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When I use replace-string for the first time, it asks me for the string to replace and string to replace with. When running it again, it uses the previous values as default:

Replace string (default a -> b):

I want to replace an empty string now. I can't just press Enter, though, as that would confirm the default. Is there a way how to replace the empty string after having previously replaced something else?

When asked for the first time without default, just pressing Enter works.

Note: I know there are other ways how to get the thing done. My question is how to enter an empty string when there's a default.

  • 1
    See this: emacs.stackexchange.com/questions/13297/… In other words, you might be out of luck. For your particular use case though, you might be able to rig something up where you set (setq query-replace-defaults nil) the right way at the right time, but I haven't come up with anything yet, hence no answer. Setting that variable to nil will get rid of the default, but only temporarily. – elethan Jan 26 '16 at 15:47
  • @elethan: Well, there could be a solution for future if there was a key combo to make read-from-minibuffer return nil. Authors of those prompt functions could then clear the defaults if that happened. – choroba Jan 26 '16 at 16:14
  • Just wondering -- what's the use case for replacing the empty string? It seems to insert the replacement text between each character. – zck Jan 26 '16 at 17:05
  • @zck: Exactly. The input contains digits, I need to separate them by spaces. – choroba Jan 26 '16 at 17:06
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Search regexp \(\) is the exact same as hitting RET when trying to specify an empty string for searching.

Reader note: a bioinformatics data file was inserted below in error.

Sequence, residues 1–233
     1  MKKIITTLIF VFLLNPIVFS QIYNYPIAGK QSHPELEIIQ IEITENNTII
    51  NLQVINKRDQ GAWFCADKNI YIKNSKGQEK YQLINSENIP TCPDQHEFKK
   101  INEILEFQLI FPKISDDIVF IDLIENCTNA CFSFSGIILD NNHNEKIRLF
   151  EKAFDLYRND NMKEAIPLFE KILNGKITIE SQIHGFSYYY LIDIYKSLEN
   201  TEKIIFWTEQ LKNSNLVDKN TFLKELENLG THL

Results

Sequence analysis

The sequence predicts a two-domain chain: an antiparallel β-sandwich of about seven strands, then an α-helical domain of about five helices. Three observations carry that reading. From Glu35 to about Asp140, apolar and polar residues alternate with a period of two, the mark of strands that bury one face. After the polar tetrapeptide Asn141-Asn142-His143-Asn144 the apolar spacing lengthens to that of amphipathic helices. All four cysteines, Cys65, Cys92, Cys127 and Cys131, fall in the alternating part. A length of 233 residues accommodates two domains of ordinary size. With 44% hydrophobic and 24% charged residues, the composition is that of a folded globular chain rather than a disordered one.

As a quick test, using both \(\) and RET resulted in 833 search hits for this random text block generated using a random text generator.

abc def ghi jkl mno pqrs tuv wxyz ABC DEF GHI JKL MNO PQRS TUV WXYZ ! "§ $%& /() =? * '<>

|; ²³~ @`´ ©«» ¤¼× {} abc def ghi jkl mno pqrs tuv wxyz ABC DEF GHI JKL MNO PQRS TUV WXYZ ! "§ $%& /() =? * '<>

|; ²³~ @`´ ©«» ¤¼× {} abc def ghi jkl mno pqrs tuv wxyz ABC DEF GHI JKL MNO PQRS TUV WXYZ ! "§ $%& /() =? * '<>

|; ²³~ @`´ ©«» ¤¼× {} abc def ghi jkl mno pqrs tuv wxyz ABC DEF GHI JKL MNO PQRS TUV WXYZ ! "§ $%& /() =? * '<> |; ²³~ @`´ ©«» ¤¼× {} abc def ghi jkl mno pqrs tuv wxyz ABC DEF GHI JKL MNO PQRS TUV WXYZ !

"§ $%& /() =? * '<> |; ²³~ @`´ ©«» ¤¼× {} abc def ghi jkl mno pqrs tuv wxyz ABC DEF GHI JKL MNO PQRS TUV WXYZ ! "§ $%& /() =? * '<> |; ²³~ @`´ ©«» ¤¼× {} abc def ghi jkl mno pqrs tuv wxyz ABC DEF GHI JKL MNO PQRS TUV WXYZ ! "§ $%& /() =? * '<> |; ²³~ @`´ ©«» ¤¼× {}abc def ghi jkl mno pqrs tuv wxyz ABC DEF GHI

But based on your comment:

The input contains digits, I need to separate them by spaces.

using \([[:digit:]]\) as zck states in his answer would be a more efficient search regexp.

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This isn't an answer to the exact question you asked, but it does solve your problem.

You can use replace-regexp, with the search regexp as \([[:digit:]]\) and \1 as replacement (Note that there's a space after \1).

The regexp captures a single digit (the character class [:digit:]). The replacement is the group matched in the regexp followed by a space.

  • That is really not what he asked. Did you see choroba's profile? I don't think he needs any help with regular expressions. I've got the impresion he described his usecase as an example where one wants to replace the empty string. – Tobias Jan 26 '16 at 17:27
  • @Tobias It's based on what choraba said in the comments to the question: "The input contains digits, I need to separate them by spaces." – Kaushal Modi Jan 27 '16 at 2:56
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    @choroba On a side note, even if this answer solves the problem for your use case, it does not answer the stated question. It would be good to edit the question if this answer solves your problem. – Kaushal Modi Jan 27 '16 at 3:14
  • @KaushalModi I am fully aware of choraba's comment. As I understand it it just serves as an example for the actual problem from the question -- the missing possibility to input an empty string. Judging from choraba's profile he does not need any help on regular expressions. But maybe I am wrong. – Tobias Jan 27 '16 at 6:13

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